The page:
Written with Andrew Smith of Corker Binning
These are testing times for the Serious Fraud Office (SFO). In November last year, in a case called R v Evans, the SFO sought a voluntary bill of indictment (VBI) against six individuals on allegations of conspiracy to defraud, having seen the original charges arising out of the same transactions dismissed by the court. With no other recourse available to them, the SFO pursued the VBI on the basis that the judge had erred in law in dismissing the original case. The dismissal of the VBI application and the subsequent costs hearing stand as a stark reminder that the SFO, like all prosecutorial bodies, will not be permitted to pursue unmeritorious cases without impunity, and that the public purse may ultimately pay the price.
Mr Justice Hickinbottom, in holding that the SFO must pay both the wasted costs of the defence incurred since the dismissal notice and the costs of the VBI hearing on the more stringent indemnity basis, pointed to a series of failures by the SFO in pursuing its case. The Judge accused the SFO of repeatedly “changing the goalposts” and held that this could not be explained as a mere mistake, but was instead evidence of an intransigence which was in direct opposition to the SFO’s positive obligation of self-scrutiny. The ramifications of this judgment are yet to be seen, but Evans is indicative of a problem which has become familiar to white collar crime practitioners in the UK — that the SFO, despite some successes, remains prone to embarrassing and costly mistakes.
Moreover, the wider question posed by Evans is whether the SFO is capable of delivering on its promise to convict large corporates for bribery and fraud offences, given that its prosecutions of individuals remain haphazard. That is not to say that the SFO has failed to convict at all; over the past three years, the rate of conviction of cases brought to trial has been relatively high at around 70%. Of course, that statistic presupposes that cases are brought to court, and whilst the conviction rate has been on a steady but incremental decline over that time, the number of cases being taken on by the SFO has also declined. The roll call of corporates currently under investigation by the SFO is impressive, including GSK, Tesco, G4S, Serco and Barclays, but apart from encouraging a more positive compliance culture in the corporate world, the real test of the SFO’s resolve and skill will be whether it can successfully prosecute any of these companies.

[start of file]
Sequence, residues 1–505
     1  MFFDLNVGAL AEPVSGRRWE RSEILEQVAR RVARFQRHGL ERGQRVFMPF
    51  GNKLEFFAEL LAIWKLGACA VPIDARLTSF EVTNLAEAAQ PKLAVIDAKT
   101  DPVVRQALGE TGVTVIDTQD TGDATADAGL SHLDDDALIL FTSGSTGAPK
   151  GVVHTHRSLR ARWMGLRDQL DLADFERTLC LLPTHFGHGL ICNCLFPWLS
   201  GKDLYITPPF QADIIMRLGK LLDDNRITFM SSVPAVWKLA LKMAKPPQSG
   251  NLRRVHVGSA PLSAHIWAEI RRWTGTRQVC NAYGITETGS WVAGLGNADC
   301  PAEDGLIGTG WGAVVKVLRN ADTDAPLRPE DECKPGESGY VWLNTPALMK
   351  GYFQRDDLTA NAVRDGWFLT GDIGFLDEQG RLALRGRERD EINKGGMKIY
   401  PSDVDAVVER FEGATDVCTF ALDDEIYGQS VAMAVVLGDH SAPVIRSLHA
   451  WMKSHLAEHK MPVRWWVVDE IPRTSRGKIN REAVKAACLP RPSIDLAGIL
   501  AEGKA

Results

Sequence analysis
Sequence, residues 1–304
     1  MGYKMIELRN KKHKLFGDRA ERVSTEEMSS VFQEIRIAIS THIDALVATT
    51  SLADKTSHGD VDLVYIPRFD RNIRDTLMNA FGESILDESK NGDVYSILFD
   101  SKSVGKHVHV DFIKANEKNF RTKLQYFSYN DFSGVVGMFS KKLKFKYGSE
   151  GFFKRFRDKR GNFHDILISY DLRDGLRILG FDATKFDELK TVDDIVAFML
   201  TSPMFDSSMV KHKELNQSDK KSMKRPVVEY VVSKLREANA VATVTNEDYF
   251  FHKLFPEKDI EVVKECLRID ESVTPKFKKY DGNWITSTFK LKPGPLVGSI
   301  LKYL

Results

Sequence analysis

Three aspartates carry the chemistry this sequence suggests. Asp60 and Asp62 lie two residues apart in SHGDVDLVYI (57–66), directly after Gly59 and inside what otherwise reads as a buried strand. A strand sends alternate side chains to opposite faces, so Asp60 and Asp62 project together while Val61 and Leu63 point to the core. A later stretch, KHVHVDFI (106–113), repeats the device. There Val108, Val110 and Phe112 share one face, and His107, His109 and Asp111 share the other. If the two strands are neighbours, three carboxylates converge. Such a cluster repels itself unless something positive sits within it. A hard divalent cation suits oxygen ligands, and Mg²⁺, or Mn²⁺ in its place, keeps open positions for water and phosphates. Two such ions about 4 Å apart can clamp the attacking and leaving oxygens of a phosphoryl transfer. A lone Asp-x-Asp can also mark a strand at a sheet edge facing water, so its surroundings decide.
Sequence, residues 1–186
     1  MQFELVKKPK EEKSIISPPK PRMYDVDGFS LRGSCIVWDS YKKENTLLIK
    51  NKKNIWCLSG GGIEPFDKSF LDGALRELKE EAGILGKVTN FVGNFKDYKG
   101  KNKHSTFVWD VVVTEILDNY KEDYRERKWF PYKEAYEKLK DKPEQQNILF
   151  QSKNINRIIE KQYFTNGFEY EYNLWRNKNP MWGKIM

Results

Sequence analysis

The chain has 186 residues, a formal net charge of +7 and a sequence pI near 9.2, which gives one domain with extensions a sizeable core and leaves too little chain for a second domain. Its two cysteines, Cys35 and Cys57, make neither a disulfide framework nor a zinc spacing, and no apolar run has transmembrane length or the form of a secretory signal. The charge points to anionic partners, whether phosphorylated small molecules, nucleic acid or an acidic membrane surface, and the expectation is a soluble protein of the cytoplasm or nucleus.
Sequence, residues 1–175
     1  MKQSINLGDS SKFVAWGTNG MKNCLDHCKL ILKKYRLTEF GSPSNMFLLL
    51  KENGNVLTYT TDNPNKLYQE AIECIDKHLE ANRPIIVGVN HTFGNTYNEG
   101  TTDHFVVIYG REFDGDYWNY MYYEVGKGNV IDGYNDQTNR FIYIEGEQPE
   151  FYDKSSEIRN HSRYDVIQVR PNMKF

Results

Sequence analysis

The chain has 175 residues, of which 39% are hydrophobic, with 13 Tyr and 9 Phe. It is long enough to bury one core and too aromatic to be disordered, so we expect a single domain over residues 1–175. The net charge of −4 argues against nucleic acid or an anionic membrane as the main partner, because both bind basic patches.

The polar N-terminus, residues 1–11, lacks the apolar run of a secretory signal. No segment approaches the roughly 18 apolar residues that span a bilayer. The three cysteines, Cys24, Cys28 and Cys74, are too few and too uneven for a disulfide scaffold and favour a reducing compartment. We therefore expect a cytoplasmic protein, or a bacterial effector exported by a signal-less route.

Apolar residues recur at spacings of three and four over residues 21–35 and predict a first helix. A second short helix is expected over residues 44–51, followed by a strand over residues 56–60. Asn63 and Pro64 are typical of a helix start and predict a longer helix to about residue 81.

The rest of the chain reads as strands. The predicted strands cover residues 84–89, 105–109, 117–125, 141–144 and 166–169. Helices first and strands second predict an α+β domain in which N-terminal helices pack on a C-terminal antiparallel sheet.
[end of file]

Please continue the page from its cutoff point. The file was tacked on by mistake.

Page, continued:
The absence of a successful corporate prosecution (other than the conviction of Smith & Ouzman for bribery offences in late 2014, a company nobody could truthfully describe as a large corporate) can largely be attributed to the costs involved in investigating the types of cases which fall within the SFOs remit. Indeed, the SFO has recently struggled financially to support its caseload, in 2014 submitting a request to the government for “blockbuster funding” of £26.5 million, representing a 75% expansion of its 2015 budget. Although part of this money was assigned to settle the claim for damages brought by the failed Tchenguiz brothers’ prosecution, it was also to continue the work into the continuing LIBOR rate fixing investigations. On the latter, where money has been ring-fenced and granted, the SFO has seen corresponding success with the extra cash flow assisting in obtaining one guilty plea from a former banker and all dismissal applications brought by other LIBOR suspects being dismissed by the court. This is a positive success for the SFO.
Most practitioners will hope that the criticism levied in Evans prompts the SFO to engage more critically with their case review policies before pursuing prosecution. In this context, it is important to remember the findings of the latest report on the SFO by the HM Crown Prosecution Inspectorate. In that report, published in 2014, Chief Inspector Michael Fuller expressed concern that reforms required by the previous 2012 inspection had not been implemented quickly enough. Problems surrounding the intelligence-gathering functions, qualification and allocation of staff and the investigation techniques employed by the agency were found to endure despite an acknowledgment that efforts had been made to resolve them.
In light of the ever increasing target list announced by the SFO, and the corresponding costs and resources which will be necessary to overcome the types of hurdles experienced in Evans, one wonders if a resolution to the SFO’s problems will be found quickly enough for it to deliver on all its post-Bribery Act promises and salvage its reputation in the public eye. If the SFO is unable ultimately to get its house in order, this will ultimately operate against the general consensus that having a strong prosecutorial body to investigate serious fraud, bribery and corruption is in the interests of all.
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